Oct. 17, 2022
Some screen time better than none during children’s concussion recovery
Too much screen time can slow children’s recovery from concussions, but new research from the University of Calgary and the University of British Columbia suggests that banning screen time is not the answer.
The researchers — including Dr. Keith Yeates, department head of UCalgary’s Department of Psychology and Ward Chair in Paediatric Brain Injury — looked for links between the self-reported screen time of more than 700 children aged eight to 16 in the first seven to 10 days following an injury, and symptoms reported by them and their caregivers over the following six months.
The children whose concussion symptoms cleared up the fastest had engaged in a moderate amount of screen time. “We’ve been calling this the ‘Goldilocks’ group, because it appears that spending too little or too much time on screens isn’t ideal for concussion recovery,” says Dr. Molly Cairncross, an assistant professor at Simon Fraser University who conducted the research while a postdoctoral fellow working with associate professor Dr. Noah Silverberg in UBC’s psychology department.
“Our findings show that the common recommendation to avoid smartphones, computers, and televisions as much as possible may not be what’s best for kids.”
The study was part of a larger concussion project called Advancing Concussion Assessment in Paediatrics (A-CAP) led by Yeates and funded by the Canadian Institutes of Health Research.
The data came from participants aged eight to 16 who had suffered either a concussion or an orthopaedic injury, such as a sprained ankle or broken arm, and sought care at one of five emergency departments in Canada.
The purpose of including children who had orthopaedic injuries was to compare their recoveries with the group who had concussions.
Patients in the concussion group generally had relatively worse symptoms than their counterparts with orthopaedic injuries, but within the concussion group it was not simply a matter of symptoms worsening with more screen time. Children with minimal screen time recovered more slowly too, says Yeates.
“Kids use smartphones and computers to stay connected with peers, so complete removal of those screens could lead to feelings of disconnection, loneliness and not having social support,” Cairncross adds. “Those things are likely to have a negative effect on kids’ mental health and that can make recovery take longer.”
The UCalgary/UBC study differed from another study conducted last year in the U.S. in that it tracked screen time and recovery over a longer period. The earlier study found that screen time slowed recovery, but it measured screen use only in the first 48 hours and symptoms for only 10 days.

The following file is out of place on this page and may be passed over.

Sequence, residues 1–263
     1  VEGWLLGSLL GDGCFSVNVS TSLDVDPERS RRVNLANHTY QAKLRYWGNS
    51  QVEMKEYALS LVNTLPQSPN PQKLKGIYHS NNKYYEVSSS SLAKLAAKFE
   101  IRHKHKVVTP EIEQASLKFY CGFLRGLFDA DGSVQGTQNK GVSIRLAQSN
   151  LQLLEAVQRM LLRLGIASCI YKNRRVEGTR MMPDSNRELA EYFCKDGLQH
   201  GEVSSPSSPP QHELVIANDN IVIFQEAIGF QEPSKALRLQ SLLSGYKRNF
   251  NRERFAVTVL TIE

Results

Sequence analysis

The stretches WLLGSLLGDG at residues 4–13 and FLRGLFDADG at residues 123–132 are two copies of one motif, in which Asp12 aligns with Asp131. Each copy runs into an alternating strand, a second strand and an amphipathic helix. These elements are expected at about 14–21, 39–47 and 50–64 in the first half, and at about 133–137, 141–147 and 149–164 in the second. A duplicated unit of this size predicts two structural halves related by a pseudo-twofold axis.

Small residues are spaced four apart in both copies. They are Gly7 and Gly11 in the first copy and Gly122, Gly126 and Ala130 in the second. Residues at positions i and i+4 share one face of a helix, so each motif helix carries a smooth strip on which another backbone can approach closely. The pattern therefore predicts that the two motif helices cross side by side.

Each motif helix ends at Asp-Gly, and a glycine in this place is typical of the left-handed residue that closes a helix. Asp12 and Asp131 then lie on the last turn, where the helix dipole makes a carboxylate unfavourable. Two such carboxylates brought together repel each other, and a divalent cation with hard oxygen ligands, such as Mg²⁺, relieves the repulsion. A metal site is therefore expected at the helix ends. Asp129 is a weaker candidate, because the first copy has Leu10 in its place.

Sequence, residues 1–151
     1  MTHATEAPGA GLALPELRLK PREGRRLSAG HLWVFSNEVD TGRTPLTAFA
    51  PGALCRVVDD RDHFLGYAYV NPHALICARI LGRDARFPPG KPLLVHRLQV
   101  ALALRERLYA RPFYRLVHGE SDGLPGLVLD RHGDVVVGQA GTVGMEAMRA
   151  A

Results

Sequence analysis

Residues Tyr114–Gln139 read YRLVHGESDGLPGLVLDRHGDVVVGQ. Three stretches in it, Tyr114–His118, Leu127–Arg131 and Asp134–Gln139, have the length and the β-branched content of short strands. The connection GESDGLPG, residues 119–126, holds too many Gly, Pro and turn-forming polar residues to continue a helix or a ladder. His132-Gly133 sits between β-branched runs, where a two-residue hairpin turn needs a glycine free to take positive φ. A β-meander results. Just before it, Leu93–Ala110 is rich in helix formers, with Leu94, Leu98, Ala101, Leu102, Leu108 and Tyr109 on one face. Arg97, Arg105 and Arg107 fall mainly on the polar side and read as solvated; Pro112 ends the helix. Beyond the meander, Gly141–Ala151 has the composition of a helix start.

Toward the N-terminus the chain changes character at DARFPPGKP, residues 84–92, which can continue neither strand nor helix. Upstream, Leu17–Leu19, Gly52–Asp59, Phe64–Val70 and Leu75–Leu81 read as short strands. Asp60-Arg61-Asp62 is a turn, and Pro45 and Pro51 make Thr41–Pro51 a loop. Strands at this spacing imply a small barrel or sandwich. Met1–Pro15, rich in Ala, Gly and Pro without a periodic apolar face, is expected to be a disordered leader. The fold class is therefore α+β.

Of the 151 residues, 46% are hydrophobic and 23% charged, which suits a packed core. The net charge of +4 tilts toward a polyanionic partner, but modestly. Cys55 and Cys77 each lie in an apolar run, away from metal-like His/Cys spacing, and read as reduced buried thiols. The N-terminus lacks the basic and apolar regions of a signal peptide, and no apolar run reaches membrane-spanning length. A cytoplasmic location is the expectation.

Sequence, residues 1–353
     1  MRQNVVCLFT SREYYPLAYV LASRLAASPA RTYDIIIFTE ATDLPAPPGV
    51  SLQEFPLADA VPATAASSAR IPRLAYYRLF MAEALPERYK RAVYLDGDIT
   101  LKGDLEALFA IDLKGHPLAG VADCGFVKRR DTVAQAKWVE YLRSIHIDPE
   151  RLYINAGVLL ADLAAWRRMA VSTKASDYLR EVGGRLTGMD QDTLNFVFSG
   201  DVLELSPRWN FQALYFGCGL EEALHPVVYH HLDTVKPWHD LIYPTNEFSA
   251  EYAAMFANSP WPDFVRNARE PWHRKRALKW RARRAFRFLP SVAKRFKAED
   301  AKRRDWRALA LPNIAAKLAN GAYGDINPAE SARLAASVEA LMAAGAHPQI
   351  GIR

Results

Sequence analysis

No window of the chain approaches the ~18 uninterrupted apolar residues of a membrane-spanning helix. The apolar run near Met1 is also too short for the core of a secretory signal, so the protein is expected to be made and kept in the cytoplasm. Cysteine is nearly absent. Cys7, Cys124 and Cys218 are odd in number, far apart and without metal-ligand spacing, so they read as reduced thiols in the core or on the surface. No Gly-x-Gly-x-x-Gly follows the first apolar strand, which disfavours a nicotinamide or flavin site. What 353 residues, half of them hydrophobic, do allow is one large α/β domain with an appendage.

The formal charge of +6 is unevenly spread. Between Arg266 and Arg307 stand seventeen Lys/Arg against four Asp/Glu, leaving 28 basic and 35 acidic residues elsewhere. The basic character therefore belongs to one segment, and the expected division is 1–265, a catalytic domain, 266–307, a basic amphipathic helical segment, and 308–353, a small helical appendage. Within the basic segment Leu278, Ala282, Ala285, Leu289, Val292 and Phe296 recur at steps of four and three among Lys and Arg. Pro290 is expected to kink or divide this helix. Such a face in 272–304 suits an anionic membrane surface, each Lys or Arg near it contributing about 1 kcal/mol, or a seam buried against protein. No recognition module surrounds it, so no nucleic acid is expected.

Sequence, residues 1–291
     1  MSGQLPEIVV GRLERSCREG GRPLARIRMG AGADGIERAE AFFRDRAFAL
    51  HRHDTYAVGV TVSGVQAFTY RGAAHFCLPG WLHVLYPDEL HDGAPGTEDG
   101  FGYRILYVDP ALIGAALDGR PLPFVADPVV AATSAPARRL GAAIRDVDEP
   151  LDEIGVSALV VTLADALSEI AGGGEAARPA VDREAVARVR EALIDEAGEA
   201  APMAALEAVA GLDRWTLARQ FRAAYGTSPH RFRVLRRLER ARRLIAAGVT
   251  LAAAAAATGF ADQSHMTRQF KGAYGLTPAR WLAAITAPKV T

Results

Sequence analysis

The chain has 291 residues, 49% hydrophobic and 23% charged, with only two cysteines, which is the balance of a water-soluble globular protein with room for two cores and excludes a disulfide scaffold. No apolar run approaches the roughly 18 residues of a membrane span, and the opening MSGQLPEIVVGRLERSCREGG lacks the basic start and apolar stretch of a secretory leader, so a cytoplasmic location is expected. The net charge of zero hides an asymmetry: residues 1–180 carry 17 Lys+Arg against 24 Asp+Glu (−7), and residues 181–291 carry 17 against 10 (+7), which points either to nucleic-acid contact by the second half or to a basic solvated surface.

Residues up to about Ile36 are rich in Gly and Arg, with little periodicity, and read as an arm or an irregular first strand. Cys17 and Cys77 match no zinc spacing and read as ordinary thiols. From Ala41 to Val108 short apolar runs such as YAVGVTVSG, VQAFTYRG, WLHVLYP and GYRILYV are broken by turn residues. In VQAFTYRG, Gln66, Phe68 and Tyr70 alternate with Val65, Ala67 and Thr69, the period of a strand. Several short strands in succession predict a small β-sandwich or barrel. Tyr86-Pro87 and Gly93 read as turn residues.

The longer timeline led to another interesting finding, described by Silverberg:
The amount of time spent in front of screens during the early recovery period made little difference to long-term health outcomes. After 30 days, children who suffered a concussion or another type of injury reported similar symptoms, regardless of their early screen use.
The researchers also observed that screen time seemed to have less bearing on symptoms than other factors such as the patient’s sex, age, sleep habits, physical activity, or pre-existing symptoms.
“Screen time didn’t make a lot of difference relative to several other factors that we know can affect concussion recovery,” says Yeates. “Encouraging concussion patients to sleep well and gradually engage in light physical activity will likely do a lot more for their recovery than keeping them off their smartphones.”
Ultimately, says Yeates, the findings suggest that blanket restrictions on screen time might not be helpful for children and adolescents with concussion. Instead, the researchers suggest using the same approach as with other activities, which is moderation. If symptoms flare up, screen time can always be limited.
The study was published Oct. 17 in Pediatrics.
Child Health and Wellness
The University of Calgary is driving science and innovation to transform the health and well-being of children and families. Led by the Alberta Children’s Hospital Research Institute, top scientists across the campus are partnering with Alberta Health Services, the Alberta Children’s Hospital Foundation, and our community to create a better future for children through research.
Keith Yeates is a professor and head of the Department of Psychology in the Faculty of Arts and an adjunct professor in the departments of Clinical Neurosciences and Paediatrics at the Cumming School of Medicine (CSM). He is the Ward Chair in Paediatric Brain Injury and a member of the Alberta Children’s Hospital Research Institute, the Owerko Centre, and the Hotchkiss Brain Institute at the CSM.